Searching for Our Voice


Searching for Our Voice

We are your neighbors. Farmers, Firefighters, Police Officers, Post Office Employees, Paramedics, First Responders, Government Contractors, VA Employees, Clerks and Office Workers, Retired Military and Veterans. Unless you really get to know us you don’t know us at all. We are a segment of society that garnishes no attention, creates no public outcry.

For many of us our service for our country began after World War II and the Korean War. Started before and continued throughout the war in Southeast Asia, a war called by many names depending upon who you talked to, the Second Indochina War or the American War by the people of Vietnam. Americans called it the Vietnam War and we were in nearby Thailand, Laos and Cambodia and our government calls us Vietnam Era Veterans. We are Thailand Veterans of the Vietnam War (1962 – 1975).

We are virtually unknown and in many ways forgotten. What you don’t know about us are the stories of countless books and articles. Some of our more prominent members took up residence in the infamous Hanoi Hilton (former POW Colonel Robert G. Certain, USAF (Ret)) or sacrificed themselves along the Ho Chi Minh Trail and Harley’s Valley in Laos. Many names who served in Thailand and/or in Vietnam are recognizable like Brigadier General Robin Olds, General Chappie James, Brigadier General Heinie Aderholt, Brigadier General Edwin Black, Brigadier General David Ott, General Richard Stillwell, General John W. Vessey, Jr, Brigadier General Walter J. Woolwine, Colonel William Mantooth, Colonel Fred Middleton, Colonel Robert Vidrick, and many others like former WWII POW James W. (Paladin) Fore, Jr., and Lieutenant Colonel Earl Woods (Special Forces) – father of legendary Tiger Woods.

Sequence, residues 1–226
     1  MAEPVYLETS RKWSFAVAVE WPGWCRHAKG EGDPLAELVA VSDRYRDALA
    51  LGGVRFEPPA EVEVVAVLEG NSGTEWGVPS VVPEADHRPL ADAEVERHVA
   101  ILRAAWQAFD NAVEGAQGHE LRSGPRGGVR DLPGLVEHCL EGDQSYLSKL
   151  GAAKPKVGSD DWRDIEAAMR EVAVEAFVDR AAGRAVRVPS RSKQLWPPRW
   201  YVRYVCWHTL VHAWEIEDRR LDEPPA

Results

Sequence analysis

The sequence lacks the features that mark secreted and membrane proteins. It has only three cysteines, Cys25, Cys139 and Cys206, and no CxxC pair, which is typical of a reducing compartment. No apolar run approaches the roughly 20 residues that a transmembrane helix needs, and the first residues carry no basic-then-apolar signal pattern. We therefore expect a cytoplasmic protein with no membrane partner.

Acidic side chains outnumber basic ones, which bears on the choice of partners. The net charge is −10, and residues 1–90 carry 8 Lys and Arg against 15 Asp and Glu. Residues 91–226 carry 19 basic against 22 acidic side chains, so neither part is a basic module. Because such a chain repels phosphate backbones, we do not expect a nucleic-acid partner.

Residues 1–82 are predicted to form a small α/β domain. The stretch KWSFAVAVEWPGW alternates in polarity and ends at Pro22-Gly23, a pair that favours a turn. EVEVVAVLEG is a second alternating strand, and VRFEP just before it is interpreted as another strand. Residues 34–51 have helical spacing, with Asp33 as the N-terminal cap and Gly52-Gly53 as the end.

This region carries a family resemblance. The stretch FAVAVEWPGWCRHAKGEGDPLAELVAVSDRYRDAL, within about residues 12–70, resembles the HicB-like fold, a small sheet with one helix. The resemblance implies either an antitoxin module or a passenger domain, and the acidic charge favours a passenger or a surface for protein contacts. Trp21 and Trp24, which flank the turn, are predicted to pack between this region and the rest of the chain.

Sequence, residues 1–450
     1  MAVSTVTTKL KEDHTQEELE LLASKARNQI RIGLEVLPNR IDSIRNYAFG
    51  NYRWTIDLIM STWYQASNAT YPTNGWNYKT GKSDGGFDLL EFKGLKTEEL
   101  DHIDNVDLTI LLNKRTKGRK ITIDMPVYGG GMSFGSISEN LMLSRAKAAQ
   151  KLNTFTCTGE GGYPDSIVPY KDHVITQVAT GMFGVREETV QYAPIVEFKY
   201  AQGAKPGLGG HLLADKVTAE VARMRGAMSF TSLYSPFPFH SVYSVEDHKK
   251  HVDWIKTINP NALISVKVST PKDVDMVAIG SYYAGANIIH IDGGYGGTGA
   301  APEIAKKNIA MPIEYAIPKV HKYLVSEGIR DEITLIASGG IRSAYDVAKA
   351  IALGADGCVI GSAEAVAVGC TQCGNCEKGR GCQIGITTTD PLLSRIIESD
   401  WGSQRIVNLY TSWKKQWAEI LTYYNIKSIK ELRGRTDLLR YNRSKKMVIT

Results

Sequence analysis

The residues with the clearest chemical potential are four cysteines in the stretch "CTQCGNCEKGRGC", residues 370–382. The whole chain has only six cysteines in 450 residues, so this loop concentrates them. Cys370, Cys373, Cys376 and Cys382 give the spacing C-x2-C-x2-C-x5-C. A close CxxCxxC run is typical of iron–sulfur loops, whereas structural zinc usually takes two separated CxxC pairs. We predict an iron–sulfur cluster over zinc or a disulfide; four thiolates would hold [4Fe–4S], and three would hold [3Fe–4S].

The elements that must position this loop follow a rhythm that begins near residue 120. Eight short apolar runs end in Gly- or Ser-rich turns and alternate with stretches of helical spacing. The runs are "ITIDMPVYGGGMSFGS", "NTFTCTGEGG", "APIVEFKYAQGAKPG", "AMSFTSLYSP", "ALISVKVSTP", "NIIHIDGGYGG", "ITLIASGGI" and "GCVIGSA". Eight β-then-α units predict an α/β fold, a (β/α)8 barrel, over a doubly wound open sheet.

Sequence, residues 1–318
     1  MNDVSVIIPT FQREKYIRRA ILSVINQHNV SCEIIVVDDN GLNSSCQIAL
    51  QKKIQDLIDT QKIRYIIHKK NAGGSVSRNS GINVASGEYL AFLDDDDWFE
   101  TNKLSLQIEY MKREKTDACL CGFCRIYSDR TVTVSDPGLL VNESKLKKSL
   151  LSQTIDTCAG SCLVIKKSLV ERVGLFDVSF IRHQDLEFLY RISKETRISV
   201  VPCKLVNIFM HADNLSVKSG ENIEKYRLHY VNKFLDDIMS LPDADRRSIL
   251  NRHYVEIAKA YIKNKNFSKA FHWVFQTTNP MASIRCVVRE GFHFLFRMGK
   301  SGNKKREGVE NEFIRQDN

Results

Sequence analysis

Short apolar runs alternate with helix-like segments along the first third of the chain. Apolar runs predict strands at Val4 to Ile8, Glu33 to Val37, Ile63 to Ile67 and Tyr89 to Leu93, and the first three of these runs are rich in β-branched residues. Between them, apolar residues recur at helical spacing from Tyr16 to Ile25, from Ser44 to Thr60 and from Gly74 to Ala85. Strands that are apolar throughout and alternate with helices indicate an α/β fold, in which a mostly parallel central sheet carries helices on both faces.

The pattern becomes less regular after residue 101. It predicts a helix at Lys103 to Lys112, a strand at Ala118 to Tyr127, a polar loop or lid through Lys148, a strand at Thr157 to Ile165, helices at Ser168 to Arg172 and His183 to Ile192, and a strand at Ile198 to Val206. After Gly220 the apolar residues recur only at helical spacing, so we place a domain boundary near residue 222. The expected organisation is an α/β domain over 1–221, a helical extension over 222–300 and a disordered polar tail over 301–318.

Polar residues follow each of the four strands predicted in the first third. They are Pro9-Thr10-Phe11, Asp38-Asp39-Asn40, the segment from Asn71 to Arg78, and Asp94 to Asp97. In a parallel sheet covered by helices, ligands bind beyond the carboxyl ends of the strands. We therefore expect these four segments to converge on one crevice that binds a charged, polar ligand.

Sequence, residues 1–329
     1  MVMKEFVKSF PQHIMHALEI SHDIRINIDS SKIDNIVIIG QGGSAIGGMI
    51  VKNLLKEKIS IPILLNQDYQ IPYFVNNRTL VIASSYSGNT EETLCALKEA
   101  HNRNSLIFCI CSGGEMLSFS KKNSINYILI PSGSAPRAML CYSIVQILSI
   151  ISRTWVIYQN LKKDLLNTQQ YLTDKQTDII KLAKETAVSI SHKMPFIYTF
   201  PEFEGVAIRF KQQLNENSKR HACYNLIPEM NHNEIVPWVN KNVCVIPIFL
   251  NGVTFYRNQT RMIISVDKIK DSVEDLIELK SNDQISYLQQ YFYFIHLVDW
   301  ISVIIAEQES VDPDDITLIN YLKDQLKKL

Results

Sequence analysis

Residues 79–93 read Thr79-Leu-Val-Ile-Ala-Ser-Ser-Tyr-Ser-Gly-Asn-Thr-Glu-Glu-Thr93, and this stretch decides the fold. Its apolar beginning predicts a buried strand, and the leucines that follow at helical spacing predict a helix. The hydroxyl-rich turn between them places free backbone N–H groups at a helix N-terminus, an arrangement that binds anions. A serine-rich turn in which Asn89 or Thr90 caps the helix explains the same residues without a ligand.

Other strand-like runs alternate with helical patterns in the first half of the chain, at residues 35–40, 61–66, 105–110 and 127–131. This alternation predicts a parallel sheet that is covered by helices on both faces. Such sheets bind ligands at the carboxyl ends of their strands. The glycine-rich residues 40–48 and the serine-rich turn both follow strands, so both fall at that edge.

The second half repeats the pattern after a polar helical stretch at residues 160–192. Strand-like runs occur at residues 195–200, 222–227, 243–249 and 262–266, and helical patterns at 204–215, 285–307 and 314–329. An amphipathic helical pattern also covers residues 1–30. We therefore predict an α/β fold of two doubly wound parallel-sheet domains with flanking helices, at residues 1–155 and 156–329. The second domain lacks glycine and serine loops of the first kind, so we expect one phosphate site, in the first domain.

We who served during the Vietnam War are not claiming to be heroes but suffer from the effects of herbicide exposure used during our service in Thailand. We are seeking recognition from the VA for treatment and compensation under Title 38 law which we are attempting to change through legislation in Congress spearheaded by our own USMC veteran William Rhodes.

Vietnam Veterans are dying at a rate of 400 per day and those who suffer the effects these devastating chemicals must be given recognition, just as our Blue Water Navy Veteran and Vietnam Veteran brothers. We applaud the commitment and efforts of those like Gary Sinise and others who champion for American Veterans and active duty soldiers worldwide.

We who are Thailand Veterans of the Vietnam War do not yet have our own “Lieutenant Dan” spokesperson.

We are still searching for our voice. – I am the Real Truckmaster!




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